China’s Operation Fox Hunt has led to the arrest of 62 Chinese nationals abroad and the seizure of 10 billion yuan ($1.5 billion) in assets from 380 fraudulent peer-to-peer (P2P) lending platforms, according to a Reuters report. The crackdown, which started up in June, comes as part of President Xi Jinping’s war on corruption, which has focused heavily on government officials and business executives who have allegedly fled abroad with assets.
The Chinese ministry said their teams “successfully brought back 62 criminal suspects from 16 countries and regions, including Thailand and Cambodia.”
The charges stem from illegally using P2P platforms to gather funds. At its peak in China, there were 3,500 P2P firms promising low investments and high returns for retail investors. As of last year, there were outstanding loans of 1.49 trillion yuan ($217.96 billion) in the country.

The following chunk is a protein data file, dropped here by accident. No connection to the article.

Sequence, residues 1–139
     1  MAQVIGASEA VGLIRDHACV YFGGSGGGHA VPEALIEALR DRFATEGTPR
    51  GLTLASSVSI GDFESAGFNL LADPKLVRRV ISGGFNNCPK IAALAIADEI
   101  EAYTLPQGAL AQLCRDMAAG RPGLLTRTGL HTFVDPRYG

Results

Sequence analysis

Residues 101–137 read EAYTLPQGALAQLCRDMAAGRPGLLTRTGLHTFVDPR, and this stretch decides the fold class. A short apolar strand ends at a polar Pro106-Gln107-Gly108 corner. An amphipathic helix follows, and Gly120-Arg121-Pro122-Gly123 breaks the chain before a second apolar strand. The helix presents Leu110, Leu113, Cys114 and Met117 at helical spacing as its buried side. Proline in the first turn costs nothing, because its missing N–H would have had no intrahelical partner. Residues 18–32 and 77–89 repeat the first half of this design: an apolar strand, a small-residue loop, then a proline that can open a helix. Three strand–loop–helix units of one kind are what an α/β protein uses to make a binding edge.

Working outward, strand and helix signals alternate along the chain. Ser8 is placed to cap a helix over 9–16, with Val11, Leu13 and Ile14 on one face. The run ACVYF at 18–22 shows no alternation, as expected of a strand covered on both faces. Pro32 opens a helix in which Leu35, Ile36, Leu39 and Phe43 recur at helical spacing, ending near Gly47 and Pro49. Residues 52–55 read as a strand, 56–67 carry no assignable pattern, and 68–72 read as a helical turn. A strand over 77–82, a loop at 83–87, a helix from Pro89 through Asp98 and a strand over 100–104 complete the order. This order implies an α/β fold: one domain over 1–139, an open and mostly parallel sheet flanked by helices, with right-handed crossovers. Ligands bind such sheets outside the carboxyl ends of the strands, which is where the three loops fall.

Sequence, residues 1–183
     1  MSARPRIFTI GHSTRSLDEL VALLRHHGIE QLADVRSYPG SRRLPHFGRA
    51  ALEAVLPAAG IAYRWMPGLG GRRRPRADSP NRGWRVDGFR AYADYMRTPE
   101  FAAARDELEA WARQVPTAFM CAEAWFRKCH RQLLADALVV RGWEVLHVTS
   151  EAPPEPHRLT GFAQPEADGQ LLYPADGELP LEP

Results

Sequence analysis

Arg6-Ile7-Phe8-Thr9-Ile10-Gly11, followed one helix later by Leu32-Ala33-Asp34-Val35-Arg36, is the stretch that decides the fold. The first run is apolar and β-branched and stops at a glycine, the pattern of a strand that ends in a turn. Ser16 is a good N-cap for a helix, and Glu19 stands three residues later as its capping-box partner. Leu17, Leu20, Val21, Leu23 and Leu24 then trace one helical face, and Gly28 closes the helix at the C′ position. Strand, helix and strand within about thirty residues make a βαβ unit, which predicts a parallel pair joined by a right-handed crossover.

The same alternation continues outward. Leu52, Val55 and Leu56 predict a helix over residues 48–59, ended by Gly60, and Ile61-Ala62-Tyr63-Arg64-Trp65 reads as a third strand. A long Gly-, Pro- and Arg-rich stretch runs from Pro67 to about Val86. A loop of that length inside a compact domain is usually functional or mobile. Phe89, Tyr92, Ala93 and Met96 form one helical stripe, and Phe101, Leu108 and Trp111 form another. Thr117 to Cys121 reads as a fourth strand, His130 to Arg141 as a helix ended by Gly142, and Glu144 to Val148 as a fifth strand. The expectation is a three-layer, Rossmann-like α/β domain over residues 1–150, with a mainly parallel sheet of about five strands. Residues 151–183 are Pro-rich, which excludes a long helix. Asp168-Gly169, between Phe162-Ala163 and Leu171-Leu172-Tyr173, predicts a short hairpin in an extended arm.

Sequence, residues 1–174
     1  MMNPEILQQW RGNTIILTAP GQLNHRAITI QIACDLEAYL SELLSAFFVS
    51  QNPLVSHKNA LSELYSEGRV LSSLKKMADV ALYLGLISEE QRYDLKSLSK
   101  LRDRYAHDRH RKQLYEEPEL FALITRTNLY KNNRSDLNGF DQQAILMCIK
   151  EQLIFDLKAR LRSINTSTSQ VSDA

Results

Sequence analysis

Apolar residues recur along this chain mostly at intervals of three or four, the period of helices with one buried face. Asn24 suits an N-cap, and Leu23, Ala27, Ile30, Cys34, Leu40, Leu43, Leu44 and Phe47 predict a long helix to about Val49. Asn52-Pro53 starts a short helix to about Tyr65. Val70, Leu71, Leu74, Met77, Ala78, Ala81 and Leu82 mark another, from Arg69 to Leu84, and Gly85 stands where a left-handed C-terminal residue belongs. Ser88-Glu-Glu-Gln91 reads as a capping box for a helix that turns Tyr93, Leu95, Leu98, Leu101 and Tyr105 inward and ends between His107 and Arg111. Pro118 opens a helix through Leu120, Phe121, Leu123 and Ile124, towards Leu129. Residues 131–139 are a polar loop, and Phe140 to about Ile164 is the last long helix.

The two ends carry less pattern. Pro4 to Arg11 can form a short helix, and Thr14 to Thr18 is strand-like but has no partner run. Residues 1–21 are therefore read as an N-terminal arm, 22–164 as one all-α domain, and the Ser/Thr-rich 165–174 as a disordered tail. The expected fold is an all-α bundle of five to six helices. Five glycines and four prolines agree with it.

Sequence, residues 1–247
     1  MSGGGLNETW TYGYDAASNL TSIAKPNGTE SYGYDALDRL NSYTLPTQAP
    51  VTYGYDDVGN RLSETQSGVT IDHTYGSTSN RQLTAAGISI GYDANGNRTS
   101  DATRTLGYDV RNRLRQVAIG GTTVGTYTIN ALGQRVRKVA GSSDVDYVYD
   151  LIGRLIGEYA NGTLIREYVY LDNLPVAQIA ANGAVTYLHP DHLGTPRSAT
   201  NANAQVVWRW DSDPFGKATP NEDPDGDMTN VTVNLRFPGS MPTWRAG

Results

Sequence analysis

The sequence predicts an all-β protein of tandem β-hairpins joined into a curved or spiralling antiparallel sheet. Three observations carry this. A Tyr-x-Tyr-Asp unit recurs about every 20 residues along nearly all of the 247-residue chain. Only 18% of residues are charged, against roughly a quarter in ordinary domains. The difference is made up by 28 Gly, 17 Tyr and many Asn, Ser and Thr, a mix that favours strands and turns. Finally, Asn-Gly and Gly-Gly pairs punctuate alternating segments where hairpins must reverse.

After Beijing took steps to defuse “debt bubbles” and shine light on what it called the shadow lending economy, a wave of company collapses hit the P2P sector. Investors who were wiped out by those collapses were understandably displeased.
As recent investigations have discovered, investors, by and large, were lured into the industry by promises of high returns and low risks. What those investors did not know, according to the ministry, is that the investment data they were presented was largely falsified. Nor did they anticipate how many P2P operators would take the money and run, so to speak, and embezzle funds before heading abroad.
It seems the Chinese government, however, has decided the offenders need to come home and face their unhappy public.